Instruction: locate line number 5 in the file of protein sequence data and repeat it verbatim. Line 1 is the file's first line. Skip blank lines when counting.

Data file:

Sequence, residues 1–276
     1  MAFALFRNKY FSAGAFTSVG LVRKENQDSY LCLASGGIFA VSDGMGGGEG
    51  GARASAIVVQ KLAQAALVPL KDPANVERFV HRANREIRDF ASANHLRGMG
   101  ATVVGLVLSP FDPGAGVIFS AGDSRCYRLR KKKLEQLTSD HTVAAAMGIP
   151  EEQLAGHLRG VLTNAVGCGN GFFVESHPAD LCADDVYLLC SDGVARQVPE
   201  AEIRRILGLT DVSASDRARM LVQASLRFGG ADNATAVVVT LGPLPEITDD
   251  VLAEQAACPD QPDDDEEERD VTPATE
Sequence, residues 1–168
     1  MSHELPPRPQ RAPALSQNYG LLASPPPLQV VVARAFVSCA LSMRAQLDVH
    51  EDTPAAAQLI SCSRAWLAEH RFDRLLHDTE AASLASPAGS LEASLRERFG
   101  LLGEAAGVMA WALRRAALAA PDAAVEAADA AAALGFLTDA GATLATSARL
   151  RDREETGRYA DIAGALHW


   151  EEQLAGHLRG VLTNAVGCGN GFFVESHPAD LCADDVYLLC SDGVARQVPE